Federal Reserve officials have not discussed what it would take to cut interest rates, Minneapolis Fed President Neel Kashkari said Tuesday.
Asked in an interview on Bloomberg about “a feeling in the market” that the bar to cut interest rates was not as high now as it was previously, Kashkari replied: “I have no idea where market participants are getting that. There’s no discussion amongst me and any of my colleagues about when we’re going to start preparing to cut rates.”
He said officials have discussed that, when inflation “is well on its way back down,” if the Fed didn’t cut rates, then, adjusted for inflation, monetary policy would be more and more of a drag on growth.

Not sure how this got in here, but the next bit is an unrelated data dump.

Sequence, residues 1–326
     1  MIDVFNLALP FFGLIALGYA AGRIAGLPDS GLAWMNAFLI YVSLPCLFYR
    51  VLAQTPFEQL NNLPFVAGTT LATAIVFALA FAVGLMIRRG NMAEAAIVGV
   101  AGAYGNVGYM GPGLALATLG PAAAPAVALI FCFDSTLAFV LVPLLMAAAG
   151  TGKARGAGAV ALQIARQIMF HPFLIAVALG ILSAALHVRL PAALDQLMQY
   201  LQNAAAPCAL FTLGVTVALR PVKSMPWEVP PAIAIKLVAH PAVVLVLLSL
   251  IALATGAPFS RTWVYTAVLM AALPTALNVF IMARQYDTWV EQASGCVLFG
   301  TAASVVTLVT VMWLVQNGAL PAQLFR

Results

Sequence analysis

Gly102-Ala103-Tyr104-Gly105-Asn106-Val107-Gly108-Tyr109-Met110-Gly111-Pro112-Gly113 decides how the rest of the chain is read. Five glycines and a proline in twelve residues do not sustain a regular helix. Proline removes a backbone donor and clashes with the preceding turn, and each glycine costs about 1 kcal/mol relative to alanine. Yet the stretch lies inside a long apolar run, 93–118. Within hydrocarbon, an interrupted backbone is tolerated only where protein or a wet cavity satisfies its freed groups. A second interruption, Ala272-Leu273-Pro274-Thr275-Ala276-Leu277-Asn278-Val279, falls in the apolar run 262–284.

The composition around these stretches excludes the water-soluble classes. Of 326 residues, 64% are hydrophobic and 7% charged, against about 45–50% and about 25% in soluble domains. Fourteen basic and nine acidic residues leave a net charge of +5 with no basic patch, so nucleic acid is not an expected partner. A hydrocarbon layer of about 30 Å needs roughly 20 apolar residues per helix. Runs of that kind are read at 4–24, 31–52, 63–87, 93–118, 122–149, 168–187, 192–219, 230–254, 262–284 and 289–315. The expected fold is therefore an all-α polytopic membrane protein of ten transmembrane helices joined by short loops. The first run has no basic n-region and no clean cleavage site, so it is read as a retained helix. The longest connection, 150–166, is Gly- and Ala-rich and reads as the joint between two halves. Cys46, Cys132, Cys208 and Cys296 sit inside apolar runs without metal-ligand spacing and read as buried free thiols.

“That’s real. That’s math,” he said.
Kashkari said the Fed would let the data guide the central bank on whether more rate hikes were needed.
“The economy will tell us how much is needed to get” to 2%, he said.
“So if you saw inflation tick back up, and you saw continued very strong economic activity on the real side of the economy, that would tell me ‘okay, we might need to do more’. So it’s hard for me to say this one data point needs to be here. I will be looking at the suite of data,” he said.
The Minneapolis Fed President, who is a voting member of the Fed’s interest-rate committee, said the job to bring inflation down to 2% target was “not done yet.”
“If we need to do more, we will,” he said.
were set to open lower on Tuesday while the 10-year Treasury yield
slipped to 4.64% in early trading.